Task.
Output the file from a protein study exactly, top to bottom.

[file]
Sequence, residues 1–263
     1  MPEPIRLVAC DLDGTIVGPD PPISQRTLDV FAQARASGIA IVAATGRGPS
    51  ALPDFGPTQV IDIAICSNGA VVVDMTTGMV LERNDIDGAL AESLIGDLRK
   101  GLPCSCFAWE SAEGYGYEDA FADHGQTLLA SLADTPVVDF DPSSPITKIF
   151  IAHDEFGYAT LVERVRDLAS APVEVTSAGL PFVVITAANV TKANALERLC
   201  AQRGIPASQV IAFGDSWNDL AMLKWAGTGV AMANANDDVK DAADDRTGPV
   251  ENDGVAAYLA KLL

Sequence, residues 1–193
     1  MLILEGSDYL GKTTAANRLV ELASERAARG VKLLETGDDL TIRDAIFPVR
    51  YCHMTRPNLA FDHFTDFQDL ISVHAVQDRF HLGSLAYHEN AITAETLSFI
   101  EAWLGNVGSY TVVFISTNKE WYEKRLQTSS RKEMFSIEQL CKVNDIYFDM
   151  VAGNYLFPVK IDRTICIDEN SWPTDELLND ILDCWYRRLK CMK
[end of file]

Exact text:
Sequence, residues 1–263
     1  MPEPIRLVAC DLDGTIVGPD PPISQRTLDV FAQARASGIA IVAATGRGPS
    51  ALPDFGPTQV IDIAICSNGA VVVDMTTGMV LERNDIDGAL AESLIGDLRK
   101  GLPCSCFAWE SAEGYGYEDA FADHGQTLLA SLADTPVVDF DPSSPITKIF
   151  IAHDEFGYAT LVERVRDLAS APVEVTSAGL PFVVITAANV TKANALERLC
   201  AQRGIPASQV IAFGDSWNDL AMLKWAGTGV AMANANDDVK DAADDRTGPV
   251  ENDGVAAYLA KLL

Sequence, residues 1–193
     1  MLILEGSDYL GKTTAANRLV ELASERAARG VKLLETGDDL TIRDAIFPVR
    51  YCHMTRPNLA FDHFTDFQDL ISVHAVQDRF HLGSLAYHEN AITAETLSFI
   101  EAWLGNVGSY TVVFISTNKE WYEKRLQTSS RKEMFSIEQL CKVNDIYFDM
   151  VAGNYLFPVK IDRTICIDEN SWPTDELLND ILDCWYRRLK CMK